Gladys was shocked. “Me? Why don’t you send in your soldiers?”

“Impossible!” the man cried. “These prisoners are murderers and thieves! The criminals would kill the soldiers!”

Gladys protested, “But, if I went in there, they would kill me!”

“Oh no,” said the governor. “You tell our people that God lives inside you. If that is true, your God will protect you when you go inside the prison.”

Gladys looked at them. They were serious. She realized that if she did not go into that prison, no one would believe her or listen to her stories about God. “OK,” she said slowly. “Open the gate.”

Gladys was very scared. Her knees were shaking. When the gate opened, she saw terrible things. Many prisoners had knives and they were chasing each other and screaming. Dead and wounded prisoners were everywhere. Suddenly, a HUGE man started running straight toward her. He was holding a big ax.

Gladys was so scared that she couldn’t move. The man ran closer and closer. Finally about 1 meter away, he suddenly stopped and just looked at her. Who was this short woman? Why was she here?

Gladys got angry. This big man was just a bully. “Give me that ax!” she said. Quietly, the man gave her the ax.

Gladys looked at the prisoners. They were very cold and hungry. Their clothes were dirty and old. Gladys felt sorry for them. “The governor sent me,” she said. “Why are you fighting?”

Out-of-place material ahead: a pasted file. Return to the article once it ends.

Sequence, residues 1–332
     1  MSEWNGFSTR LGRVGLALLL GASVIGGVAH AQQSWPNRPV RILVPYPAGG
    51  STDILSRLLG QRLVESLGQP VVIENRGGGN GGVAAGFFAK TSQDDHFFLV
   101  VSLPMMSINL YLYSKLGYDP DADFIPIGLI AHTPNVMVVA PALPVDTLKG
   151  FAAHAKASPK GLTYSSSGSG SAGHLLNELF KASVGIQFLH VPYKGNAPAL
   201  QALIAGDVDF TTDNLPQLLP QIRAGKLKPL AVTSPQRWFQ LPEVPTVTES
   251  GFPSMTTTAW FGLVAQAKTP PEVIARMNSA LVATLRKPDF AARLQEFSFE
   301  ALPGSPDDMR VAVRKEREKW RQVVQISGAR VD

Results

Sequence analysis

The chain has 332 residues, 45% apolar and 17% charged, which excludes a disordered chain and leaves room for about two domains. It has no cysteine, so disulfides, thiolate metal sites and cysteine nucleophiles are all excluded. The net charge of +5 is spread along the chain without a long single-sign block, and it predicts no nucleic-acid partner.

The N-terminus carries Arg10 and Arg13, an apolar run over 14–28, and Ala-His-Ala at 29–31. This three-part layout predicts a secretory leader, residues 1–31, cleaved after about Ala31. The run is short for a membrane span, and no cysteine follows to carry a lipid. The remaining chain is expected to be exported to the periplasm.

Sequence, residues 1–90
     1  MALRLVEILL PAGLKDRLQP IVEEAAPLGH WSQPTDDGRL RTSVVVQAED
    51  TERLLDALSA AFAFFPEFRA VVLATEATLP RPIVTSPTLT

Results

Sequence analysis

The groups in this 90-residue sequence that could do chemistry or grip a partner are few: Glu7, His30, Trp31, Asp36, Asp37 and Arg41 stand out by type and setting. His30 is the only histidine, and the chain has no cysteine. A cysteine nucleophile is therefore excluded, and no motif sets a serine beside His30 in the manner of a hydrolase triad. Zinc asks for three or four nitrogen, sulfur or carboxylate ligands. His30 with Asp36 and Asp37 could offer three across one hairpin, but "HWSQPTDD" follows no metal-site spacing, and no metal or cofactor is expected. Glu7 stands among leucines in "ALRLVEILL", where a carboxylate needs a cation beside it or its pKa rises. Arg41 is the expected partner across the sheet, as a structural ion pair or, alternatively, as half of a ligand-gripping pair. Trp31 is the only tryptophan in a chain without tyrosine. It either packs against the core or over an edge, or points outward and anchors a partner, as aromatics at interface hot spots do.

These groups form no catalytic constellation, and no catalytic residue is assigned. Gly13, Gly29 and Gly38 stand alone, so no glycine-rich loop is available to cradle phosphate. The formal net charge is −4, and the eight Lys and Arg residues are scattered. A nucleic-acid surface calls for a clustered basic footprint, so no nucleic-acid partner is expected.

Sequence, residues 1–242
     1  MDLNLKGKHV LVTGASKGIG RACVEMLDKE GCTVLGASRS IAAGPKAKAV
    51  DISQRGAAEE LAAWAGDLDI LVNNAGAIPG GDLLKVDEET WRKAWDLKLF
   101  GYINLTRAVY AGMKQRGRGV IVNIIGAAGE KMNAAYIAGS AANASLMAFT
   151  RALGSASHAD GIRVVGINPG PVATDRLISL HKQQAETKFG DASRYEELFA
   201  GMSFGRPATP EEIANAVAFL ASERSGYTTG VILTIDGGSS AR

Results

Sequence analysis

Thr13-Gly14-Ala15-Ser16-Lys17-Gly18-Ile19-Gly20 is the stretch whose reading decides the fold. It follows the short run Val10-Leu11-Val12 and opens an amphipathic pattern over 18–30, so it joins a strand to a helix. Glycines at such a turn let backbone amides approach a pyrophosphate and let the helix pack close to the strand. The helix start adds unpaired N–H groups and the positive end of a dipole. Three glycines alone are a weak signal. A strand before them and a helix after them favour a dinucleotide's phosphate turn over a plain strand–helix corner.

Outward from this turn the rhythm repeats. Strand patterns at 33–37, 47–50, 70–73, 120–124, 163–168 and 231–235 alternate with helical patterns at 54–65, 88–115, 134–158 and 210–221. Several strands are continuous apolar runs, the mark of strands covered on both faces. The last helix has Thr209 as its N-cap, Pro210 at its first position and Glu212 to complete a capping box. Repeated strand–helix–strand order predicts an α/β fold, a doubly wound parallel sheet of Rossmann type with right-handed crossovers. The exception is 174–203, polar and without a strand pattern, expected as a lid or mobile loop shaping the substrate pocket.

No one answered. Finally a young prisoner said, “We don’t know. But, we are hungry and everyday we have nothing to do.”

Gladys understood. The men didn't have enough food or work to keep them busy. She said, “If you promise to stop fighting and bury the dead and take care of the hurt prisoners, I will talk to the governor for you.

The prisoners promised to do these things. As Gladys came out, the city leaders bowed to her with respect. Her God was powerful. This little woman had stopped a riot with God’s power.

Gladys talked to the governor. She told him that the men needed to have work so they could have money, buy food, and have self-respect. After this, Gladys visited the prison everyday to check the prisoners living conditions. From then on, everyone called her Ai-weh-deh, which means “The Virtuous One.”